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adult adoption, DuPage County Family Law Attorney, DuPage County Adoption LaywerIn 1988, 75 year old billionaire tobacco heiress Doris Duke adopted a 35-year-old woman named Chandi Heffner. Duke believed that Heffner, a fellow Hare Krishna devotee, was the reincarnated soul of Duke’s only child. As is too common for billionaire tobacco heiresses, Duke and Heffner’s relationship became strained leading to Duke to decide that the adoption of Heffner was the “worst mistake of her life.” Duke negated the adoption, and in turn, Heffner sued Duke.

At 32 years old, Maurice Griffin was finally adopted by his one time foster family. After Maurice arrived in the Harris household, the Harris family and Maurice bonded. Unfortunately for young Maurice and the Harris family, California wrongfully removed him from the Harris family. During the ensuing years, Maurice searched for the Harris family, eventually finding them when he was in his late twenties.

Illinois Adoption Act and Adult Adoption

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Posted on in Adoption
Illinois adoption process IMAGE It is not unusual for couples to turn to adoption instead of having their own biological children. There are many different reasons couples, or single individuals, may choose to take the adoption route. That being said, it is critical that these people make themselves as familiar as possible with the Illinois adoption process before jumping into it head-first. When getting started with the adoption process, the first step is to locate and contact an adoption agency. Once you have selected one, you must apply for adoption and will be asked to complete the licensing process. This process typically includes a background check, fingerprinting, a medical exam, classroom training, and several visits to your home by an agency worker in order to complete a home study. It also common for agencies to require letters of reference from your employer and those who know you well, as well as a verification of income to meet your potential new expenses. It will typically take around three months to complete these beginning processes, during which the agency will try to get to know you as well as possible in order to make a good match between you and a waiting child. As soon as it is time for a child to be placed in your home, you and the agency will work together to find a child who could benefit from joining your family (and who would benefit you and your family). At this point, prospective adoptive parents will learn about the agency chosen child’s background, personality, strengths, weaknesses, etc. Before you meet the child, you will be asked whether or not you are seriously interested in him or her. If you believe this is a child you would like to make a part of your family, a casual meeting will be arranged. If this goes well, pre-placement visits will be arranged until it is time for your new child to stay permanently in your home. If you or somebody you know is considering adopting a child into your family, do not hesitate to contact an Illinois family law attorney to assist you with all of the legal processes and implications the process includes.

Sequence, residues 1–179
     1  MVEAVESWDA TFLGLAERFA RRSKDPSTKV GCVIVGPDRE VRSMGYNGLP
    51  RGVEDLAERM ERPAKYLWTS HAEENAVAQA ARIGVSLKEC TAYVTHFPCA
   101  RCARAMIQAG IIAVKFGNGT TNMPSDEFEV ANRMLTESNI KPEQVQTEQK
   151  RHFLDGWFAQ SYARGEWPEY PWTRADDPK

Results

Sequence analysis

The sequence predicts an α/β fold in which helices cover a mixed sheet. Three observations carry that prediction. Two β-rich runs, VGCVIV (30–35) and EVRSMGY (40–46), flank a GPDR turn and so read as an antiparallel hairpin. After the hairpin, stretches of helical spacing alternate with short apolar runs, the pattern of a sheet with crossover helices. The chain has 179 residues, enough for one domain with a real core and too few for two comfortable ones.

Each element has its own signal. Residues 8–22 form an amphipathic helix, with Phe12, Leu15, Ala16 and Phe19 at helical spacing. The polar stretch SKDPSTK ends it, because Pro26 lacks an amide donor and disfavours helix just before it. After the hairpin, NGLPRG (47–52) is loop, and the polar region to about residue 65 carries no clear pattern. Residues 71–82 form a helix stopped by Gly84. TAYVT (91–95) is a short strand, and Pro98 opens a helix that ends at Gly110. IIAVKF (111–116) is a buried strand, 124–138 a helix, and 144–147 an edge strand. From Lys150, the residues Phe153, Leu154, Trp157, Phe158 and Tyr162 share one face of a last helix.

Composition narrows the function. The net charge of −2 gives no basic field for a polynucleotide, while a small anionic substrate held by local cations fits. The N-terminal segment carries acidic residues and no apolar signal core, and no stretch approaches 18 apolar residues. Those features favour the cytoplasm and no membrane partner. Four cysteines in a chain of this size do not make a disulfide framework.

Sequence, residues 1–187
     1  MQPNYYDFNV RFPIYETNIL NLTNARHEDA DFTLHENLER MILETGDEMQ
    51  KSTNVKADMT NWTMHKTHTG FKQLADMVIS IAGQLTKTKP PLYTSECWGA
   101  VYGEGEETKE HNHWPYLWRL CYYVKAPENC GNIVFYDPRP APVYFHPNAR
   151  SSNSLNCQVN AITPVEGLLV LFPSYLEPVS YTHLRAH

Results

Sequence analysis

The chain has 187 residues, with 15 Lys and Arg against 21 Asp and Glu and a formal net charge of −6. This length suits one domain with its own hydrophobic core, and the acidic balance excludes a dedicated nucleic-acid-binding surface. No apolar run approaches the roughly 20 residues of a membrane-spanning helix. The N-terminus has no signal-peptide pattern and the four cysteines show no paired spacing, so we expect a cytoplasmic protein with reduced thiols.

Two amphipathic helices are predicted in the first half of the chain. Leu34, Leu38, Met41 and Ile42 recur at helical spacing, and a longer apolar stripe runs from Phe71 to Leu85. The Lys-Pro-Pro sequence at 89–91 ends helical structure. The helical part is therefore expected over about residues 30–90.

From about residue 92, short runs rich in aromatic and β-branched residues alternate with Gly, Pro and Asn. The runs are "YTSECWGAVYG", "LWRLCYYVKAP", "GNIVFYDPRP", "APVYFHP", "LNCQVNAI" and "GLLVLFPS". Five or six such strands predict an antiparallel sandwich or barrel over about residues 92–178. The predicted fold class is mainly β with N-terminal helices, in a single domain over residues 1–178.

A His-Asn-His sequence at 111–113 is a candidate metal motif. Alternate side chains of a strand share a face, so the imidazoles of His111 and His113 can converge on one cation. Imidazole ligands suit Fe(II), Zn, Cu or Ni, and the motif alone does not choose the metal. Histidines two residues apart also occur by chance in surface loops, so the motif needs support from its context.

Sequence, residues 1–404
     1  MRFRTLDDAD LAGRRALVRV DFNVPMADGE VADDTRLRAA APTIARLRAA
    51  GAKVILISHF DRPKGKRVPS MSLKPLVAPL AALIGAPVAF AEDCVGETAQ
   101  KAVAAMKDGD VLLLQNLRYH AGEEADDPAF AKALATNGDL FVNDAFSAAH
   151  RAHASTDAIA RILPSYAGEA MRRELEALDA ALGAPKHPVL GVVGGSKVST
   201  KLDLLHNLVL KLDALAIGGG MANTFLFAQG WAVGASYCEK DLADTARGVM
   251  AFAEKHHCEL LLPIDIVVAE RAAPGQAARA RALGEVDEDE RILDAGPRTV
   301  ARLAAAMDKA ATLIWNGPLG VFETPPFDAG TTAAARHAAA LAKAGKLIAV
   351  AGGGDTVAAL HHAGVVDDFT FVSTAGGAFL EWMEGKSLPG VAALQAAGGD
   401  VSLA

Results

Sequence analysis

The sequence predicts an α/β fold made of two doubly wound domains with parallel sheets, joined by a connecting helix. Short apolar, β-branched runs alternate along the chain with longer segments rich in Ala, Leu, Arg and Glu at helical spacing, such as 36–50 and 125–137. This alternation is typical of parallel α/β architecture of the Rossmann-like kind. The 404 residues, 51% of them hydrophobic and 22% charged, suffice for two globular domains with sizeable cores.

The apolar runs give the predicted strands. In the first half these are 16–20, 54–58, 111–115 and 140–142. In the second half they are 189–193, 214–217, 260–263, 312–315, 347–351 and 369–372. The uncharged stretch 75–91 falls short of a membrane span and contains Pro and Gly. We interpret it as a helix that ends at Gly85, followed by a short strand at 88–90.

For whatever the reason, a few decades ago, you and your spouse turned to the adoption process to firmly plant your family tree. You lovingly declared a life-long commitment to raising your adoptive child and guided them to adulthood. Of course, you made a few mistakes along the way, who hasn’t, but never once did you waiver from your original commitment. So why is your adult child now announcing that they now want to uproot your family tree by branching out to include biological family members?

 adopted adult IMAGEYour reaction could go either way. You could be one of the many who feel it is your child's right to proceed or perhaps find yourself a bit resentful and asking why now? How you feel about the situation may not matter. If your family resides in the state of Illinois, requests for information of an adoption is supported under the Illinois Adoption Act (750 ILCS). No matter how you, your spouse or other family members feel about this request, it may be time to contact an experienced Illinois family law practice to fully understand the process as mandated by the Illinois Adoption Act. Before meeting with legal counsel, this synopsis can familiarize you with Illinois statute: Illinois Agencies Involved

  • The Illinois Adoption Registry, Illinois Department of Public Health
  • Confidential Intermediary Service of Illinois, Midwest Adoption Center (MAC)

 Non-Identifying Information Nonidentifying information is the classification of information you were provided at the time of formal adoption but this information can also be released upon request of an adopted adult 18 years or older.

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